Council apologises after nearly 190,000 planning files temporarily withdrawn from inspection after threat to Data Protection Act
- Credit: Archant
Nearly 190,000 planning files held by East Cambs Council were exposed to possible breaches of the Data Protection Act following ‘teething’ issues experienced during the introduction of an updated electronic register.
Urgent action by council officials resulted in the documents being temporarily pulled resulting in thousands of website users being unable to access planning application information.
Andy Radford, director of resources, told councillors there are 187,000 documents affected but these are now being redacted and should be uploaded back onto the planning website this weekend.
He said: “I would like to apologise to customers, members and staff for the problems.”
Mr Radford explained that as part of a ‘transformation programme’, an electronic management system for both scanning and retrieving all documents held by the council was agreed.
You may also want to watch:
The new, all singing all dancing IDOX system went ‘live’ in early December but Mr Radford admits there was “one, fundamental issue which had not been identified as a risk”.
Previously complete documents were scanned and personal information redacted in according with The Data Protection Action. Names and addresses, for example, were redacted before being uploaded to the website.
- 1 Caravan wedged under Fens rail bridge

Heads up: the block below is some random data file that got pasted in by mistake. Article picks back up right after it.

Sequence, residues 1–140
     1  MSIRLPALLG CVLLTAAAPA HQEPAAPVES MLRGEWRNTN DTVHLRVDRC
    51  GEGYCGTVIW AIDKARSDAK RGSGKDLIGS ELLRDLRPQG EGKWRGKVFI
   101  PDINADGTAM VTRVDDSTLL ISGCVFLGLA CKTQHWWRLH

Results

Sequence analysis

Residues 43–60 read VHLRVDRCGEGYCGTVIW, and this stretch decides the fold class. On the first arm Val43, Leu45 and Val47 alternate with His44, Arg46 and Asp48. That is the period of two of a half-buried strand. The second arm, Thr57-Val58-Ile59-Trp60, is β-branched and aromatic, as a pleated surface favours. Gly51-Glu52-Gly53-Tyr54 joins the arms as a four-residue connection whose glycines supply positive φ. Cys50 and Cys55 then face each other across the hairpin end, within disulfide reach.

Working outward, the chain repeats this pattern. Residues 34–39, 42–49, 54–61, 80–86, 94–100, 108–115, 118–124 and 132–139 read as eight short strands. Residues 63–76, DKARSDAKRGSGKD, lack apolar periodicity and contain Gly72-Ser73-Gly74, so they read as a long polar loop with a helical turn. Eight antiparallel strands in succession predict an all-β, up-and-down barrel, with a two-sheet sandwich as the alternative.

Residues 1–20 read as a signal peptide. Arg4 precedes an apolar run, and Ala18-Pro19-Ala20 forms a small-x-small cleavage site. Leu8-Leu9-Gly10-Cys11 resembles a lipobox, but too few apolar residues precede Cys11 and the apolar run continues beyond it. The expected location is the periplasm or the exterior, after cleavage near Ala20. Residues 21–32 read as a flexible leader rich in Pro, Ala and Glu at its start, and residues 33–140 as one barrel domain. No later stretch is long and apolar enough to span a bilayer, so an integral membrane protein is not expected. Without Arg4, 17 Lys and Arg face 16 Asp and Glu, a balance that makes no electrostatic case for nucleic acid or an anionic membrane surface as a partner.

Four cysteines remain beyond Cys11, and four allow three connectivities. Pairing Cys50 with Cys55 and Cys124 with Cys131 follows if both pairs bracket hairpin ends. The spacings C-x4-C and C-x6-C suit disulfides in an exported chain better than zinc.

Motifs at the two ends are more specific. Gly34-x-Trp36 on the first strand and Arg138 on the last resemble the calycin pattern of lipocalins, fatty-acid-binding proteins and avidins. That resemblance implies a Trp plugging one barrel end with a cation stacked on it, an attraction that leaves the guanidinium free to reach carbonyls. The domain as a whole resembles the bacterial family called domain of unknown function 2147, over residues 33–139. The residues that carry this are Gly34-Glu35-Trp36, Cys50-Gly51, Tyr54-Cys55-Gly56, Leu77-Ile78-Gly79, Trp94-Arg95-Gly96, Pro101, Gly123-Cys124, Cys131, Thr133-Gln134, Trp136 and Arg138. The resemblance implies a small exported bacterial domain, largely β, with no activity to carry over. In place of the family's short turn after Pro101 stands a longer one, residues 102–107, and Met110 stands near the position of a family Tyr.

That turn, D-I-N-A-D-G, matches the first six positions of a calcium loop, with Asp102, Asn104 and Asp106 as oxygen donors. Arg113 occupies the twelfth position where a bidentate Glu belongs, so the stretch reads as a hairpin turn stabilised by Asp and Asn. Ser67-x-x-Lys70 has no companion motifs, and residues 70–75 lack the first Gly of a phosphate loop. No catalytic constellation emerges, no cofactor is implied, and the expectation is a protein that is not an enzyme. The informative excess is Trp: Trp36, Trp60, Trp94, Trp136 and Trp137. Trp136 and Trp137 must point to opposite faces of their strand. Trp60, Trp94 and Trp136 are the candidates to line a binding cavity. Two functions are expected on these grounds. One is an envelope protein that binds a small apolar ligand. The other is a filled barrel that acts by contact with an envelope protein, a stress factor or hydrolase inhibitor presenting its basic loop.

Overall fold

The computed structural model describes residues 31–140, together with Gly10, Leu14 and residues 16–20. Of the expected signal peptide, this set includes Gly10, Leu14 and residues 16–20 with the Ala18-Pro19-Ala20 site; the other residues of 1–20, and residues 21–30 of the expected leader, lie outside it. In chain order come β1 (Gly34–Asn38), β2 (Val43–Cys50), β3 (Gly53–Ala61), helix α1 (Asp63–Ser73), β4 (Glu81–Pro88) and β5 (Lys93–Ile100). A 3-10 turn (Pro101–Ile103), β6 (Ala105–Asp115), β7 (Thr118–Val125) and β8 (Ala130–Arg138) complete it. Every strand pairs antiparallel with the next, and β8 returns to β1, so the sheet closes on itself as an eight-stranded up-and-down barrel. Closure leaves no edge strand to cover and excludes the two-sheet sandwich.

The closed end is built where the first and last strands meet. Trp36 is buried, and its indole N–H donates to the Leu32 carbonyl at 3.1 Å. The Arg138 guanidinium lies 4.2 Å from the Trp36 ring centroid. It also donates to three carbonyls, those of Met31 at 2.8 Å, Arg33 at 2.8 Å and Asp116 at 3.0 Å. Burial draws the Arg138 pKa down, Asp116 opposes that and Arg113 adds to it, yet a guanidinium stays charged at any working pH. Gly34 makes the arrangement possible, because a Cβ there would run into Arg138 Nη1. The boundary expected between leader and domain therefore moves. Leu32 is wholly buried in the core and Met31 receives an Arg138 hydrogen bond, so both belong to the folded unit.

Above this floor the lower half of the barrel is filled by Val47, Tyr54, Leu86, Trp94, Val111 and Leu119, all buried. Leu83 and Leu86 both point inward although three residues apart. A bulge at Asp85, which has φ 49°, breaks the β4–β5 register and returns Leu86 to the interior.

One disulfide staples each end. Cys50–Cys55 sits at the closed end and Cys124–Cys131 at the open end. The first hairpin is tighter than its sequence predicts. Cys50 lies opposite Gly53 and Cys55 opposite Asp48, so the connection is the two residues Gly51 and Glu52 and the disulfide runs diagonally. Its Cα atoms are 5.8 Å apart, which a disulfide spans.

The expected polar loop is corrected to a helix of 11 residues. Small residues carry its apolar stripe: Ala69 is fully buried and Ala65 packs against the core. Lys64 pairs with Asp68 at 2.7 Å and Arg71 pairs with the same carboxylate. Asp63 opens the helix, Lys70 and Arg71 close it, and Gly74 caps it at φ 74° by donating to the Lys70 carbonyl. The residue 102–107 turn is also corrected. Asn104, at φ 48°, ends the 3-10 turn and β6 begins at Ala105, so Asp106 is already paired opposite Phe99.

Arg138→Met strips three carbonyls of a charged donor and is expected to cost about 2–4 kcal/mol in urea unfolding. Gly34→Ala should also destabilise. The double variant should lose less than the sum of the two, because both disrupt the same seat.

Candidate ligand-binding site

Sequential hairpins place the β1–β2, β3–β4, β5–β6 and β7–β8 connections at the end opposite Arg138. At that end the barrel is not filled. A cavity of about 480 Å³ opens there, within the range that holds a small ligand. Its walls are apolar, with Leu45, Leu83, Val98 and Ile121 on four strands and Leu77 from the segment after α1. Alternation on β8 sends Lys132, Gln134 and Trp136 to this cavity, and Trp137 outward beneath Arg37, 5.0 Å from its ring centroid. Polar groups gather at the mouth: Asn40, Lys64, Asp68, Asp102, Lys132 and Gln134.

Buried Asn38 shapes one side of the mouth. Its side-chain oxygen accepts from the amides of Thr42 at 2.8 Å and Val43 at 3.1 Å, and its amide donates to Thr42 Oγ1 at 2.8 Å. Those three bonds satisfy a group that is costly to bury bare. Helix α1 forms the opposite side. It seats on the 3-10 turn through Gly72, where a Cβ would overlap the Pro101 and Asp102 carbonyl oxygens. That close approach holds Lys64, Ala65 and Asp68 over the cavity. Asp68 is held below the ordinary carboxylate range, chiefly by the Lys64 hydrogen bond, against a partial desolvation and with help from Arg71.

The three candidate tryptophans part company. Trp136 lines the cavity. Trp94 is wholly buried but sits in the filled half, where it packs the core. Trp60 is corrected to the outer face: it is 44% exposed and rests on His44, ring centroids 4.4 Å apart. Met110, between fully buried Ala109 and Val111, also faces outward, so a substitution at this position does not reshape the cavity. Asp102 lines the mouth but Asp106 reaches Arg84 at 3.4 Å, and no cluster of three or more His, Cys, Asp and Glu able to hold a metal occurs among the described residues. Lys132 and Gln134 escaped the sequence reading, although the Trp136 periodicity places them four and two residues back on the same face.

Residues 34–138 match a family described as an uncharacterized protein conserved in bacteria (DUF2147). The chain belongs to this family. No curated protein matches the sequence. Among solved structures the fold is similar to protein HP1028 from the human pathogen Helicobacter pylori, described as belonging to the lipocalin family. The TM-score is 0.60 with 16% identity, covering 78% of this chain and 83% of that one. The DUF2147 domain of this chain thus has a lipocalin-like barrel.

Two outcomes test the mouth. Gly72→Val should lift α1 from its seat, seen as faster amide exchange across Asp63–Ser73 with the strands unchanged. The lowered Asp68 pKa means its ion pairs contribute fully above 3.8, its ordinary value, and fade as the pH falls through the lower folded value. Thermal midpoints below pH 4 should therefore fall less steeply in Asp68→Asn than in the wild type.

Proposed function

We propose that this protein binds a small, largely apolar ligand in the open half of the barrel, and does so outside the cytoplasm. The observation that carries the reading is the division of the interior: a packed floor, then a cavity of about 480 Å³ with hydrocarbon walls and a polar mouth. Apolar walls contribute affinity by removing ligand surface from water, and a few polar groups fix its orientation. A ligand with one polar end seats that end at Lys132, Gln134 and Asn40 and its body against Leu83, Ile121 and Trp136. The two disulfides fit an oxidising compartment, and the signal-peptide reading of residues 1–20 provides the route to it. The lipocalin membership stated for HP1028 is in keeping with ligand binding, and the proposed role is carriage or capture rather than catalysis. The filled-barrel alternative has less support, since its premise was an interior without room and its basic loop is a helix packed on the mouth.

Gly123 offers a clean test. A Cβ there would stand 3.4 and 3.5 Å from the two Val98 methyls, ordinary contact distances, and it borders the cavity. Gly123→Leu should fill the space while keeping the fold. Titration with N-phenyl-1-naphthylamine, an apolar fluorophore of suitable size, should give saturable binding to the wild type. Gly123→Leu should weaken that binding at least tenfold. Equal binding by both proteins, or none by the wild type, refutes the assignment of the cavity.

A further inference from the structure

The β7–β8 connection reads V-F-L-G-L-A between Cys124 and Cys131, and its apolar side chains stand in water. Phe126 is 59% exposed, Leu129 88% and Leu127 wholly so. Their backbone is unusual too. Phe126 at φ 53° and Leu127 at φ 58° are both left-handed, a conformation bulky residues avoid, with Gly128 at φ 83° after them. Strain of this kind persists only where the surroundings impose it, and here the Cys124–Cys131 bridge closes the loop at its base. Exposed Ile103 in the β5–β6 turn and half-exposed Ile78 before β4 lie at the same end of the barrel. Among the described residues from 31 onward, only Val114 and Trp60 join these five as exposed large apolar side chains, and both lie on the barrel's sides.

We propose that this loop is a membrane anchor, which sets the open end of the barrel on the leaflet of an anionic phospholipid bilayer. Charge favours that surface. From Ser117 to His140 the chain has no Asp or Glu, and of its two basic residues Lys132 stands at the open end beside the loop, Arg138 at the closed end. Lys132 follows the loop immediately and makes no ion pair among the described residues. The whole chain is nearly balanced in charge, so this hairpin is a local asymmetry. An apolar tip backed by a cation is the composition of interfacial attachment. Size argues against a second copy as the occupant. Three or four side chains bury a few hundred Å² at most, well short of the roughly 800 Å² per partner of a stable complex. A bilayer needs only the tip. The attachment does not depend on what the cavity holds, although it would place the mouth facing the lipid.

- 2 Rowdy passengers force train cancellation
- 3 7 questions that could decide if you truly are from the Fens
- 4 Daughter sets fire to father's bedroom after food outrage
- 5 Police buy clothes for Iranian children rescued from lorry
- 6 City short-listed to house Museum of Brexit
- 7 Sparkling sake brewery launches in Ely
- 8 Bid to ban ex- mayor running pub “a joke” says cabinet member
- 9 Have your say on plans to improve city rail station
- 10 Man, 20, rapes woman as she slept, court told
However, says Mr Radford, and “regretfully” the original documents were uploaded prior to their redaction.
He said: “So although we are able to publish all documents, we have not published documents until the redaction issue is resolved. To do so without redaction would leave the council open to action by the Information Commissioner’s Office for breaches of the Data Protection Act.”
Mr Radford said there lessons had been learnt and in the meantime officers have helped customers where possible by sharing redacted documents.
He is expecting the issue to be resolved this weekend when all redacted documents are being uploaded onto the council website.